Firstly, apologies to those of you whose blogs I have yet to pay a visit to. I’m now halfway through my university essay and once that is out of the way normal service will resume once more. Until then my time for doing pleasurable things seems to be mightily restricted so sorry if I seem to be ignoring people.
And secondly apologies to those of you who view Torchwood as an ugly pimple on the otherwise unblemished face of modern sci-fi... because here’s yet another episode review...
Last night’s story was intriguing. Very intriguing. And not just because the writers had for once inverted their usual modus operandi. Instead of characterization playing second fiddle to gimmicky BBC effects, last night we had the effects relegated to a small sideshow while the emotional development of some of the characters took centre stage.
Maybe some sci-fi puritans will see this as a bad move: yet another sci-fi show degenerating into soft soap and sentimentality but personally I think this is a step in the right direction for Torchwood. It’s hard to care about a team of people who are so ineffably cold and wooden – it’s nice to see some warmth and human emotion being injected into them.
Ironically of course the character who is being humanized the most is Owen – and he’s about as cold and wooden as you’re likely to get on account of the fact that, both technically and medically, he’s dead. Dead as a doornail in fact. Nevertheless he’s walking around and doing his job regardless (I know how he feels). He’s the original dead man walking.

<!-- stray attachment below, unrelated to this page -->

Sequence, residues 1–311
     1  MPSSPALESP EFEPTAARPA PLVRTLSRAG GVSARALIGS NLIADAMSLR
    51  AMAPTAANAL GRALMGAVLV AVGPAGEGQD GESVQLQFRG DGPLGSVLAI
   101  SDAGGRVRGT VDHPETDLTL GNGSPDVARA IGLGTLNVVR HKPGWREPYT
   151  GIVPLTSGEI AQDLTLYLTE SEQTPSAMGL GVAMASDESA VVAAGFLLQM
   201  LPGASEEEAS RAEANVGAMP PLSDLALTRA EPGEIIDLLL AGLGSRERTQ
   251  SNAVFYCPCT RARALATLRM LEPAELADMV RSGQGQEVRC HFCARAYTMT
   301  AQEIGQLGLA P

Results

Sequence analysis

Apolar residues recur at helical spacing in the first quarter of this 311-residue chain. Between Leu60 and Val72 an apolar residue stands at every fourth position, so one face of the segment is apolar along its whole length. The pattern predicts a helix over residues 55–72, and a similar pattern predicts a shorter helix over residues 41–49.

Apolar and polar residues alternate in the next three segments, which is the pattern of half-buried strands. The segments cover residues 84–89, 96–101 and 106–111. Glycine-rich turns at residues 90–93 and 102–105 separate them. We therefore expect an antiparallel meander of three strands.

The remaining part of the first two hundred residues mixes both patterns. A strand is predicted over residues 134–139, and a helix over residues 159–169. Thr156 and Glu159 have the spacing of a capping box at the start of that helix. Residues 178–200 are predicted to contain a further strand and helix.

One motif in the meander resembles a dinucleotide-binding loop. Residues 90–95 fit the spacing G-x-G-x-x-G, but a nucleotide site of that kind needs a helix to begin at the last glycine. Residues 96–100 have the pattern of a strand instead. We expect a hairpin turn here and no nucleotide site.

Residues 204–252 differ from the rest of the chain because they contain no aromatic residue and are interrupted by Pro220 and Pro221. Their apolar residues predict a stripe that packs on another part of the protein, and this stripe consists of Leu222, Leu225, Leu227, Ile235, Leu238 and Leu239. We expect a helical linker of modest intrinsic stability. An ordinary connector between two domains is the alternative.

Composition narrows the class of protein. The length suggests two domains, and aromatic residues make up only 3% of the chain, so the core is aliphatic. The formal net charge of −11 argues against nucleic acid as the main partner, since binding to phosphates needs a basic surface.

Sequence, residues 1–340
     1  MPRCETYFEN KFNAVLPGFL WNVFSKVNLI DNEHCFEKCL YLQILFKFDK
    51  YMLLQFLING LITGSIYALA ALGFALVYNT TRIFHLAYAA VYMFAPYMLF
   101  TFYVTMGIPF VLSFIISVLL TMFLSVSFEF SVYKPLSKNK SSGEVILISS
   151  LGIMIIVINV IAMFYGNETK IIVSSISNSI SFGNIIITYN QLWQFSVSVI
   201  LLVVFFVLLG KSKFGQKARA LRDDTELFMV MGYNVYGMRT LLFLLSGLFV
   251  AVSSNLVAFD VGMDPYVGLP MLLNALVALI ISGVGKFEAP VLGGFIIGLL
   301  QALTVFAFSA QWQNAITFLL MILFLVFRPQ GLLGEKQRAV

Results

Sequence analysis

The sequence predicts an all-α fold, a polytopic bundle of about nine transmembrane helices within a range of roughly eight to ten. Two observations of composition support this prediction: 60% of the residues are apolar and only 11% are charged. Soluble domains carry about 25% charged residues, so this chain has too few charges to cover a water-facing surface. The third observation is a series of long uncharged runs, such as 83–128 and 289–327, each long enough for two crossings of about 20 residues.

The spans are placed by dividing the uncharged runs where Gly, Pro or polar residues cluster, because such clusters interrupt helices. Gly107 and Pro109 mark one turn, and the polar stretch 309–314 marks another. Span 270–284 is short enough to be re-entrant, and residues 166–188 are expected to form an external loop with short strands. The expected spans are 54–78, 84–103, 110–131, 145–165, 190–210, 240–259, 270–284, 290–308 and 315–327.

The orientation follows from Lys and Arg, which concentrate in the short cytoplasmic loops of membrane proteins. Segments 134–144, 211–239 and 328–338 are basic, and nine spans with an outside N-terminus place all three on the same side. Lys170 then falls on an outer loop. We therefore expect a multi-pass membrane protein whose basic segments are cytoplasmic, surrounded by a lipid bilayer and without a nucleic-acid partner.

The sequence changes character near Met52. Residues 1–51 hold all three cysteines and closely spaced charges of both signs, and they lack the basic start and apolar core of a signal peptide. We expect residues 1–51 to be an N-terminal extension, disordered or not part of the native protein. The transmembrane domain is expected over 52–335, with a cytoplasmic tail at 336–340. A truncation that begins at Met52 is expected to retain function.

For once though the writers are doing a decent job of investigating the ramification of this “living death”. Owen’s painful attempts to come to terms with the fact that he’s unable to eat, drink, make love, heal, feel pain or indeed feel anything at all is being sensitively handled. The shot of him screaming underwater – unable to drown himself – was suitably discomforting and said far more than any stream of platitudinous dialogue.
Of course the science bit is rather ropey. Owen was unable to give mouth to mouth to Richard Briers (mind you, why would you want to?*) because he didn’t actually breathe air himself. Fine. But then how is it that Owen can talk? Surely you require breath for that? And if Owen has no blood why isn’t he desiccating or at least rustling a bit when he moves?
But I’m picking hairs.
Burn Gorman is playing a blinder. His death has given his character depth and a new dimension. It has undercut his arrogance and aloofness and left a raw, sympathetic human being in his place. If only they can do the same for Captain Jack who’s “keep everybody at arms length” approach (even when he’s bedding them) is fast getting on my tits.
However, it’s difficult to see where they’ll now go with Owen’s character. He has a measure of indestructibility as he cannot feel pain but this is tempered by the fact that he cannot heal. Any breaks or injuries will be permanent. One strike and he’s out. A broken doll with a mind (hey, back into Stephen Hawking territory).
Maybe Owen ought to jump ship and join another Captain Jack who has had experience of dealing with the living dead? Head off to sunnier climes where he can ogle Kiera Knightly struggling to fill a corset and not worry that his death-bed BO is putting off his work colleagues as they nibble upon their M&S sandwiches...?
I can just see Owen weighing anchor on the Black Pearl...
*OK. OK. Maybe he's worth saving because of Roobarb & Custard... but that's all.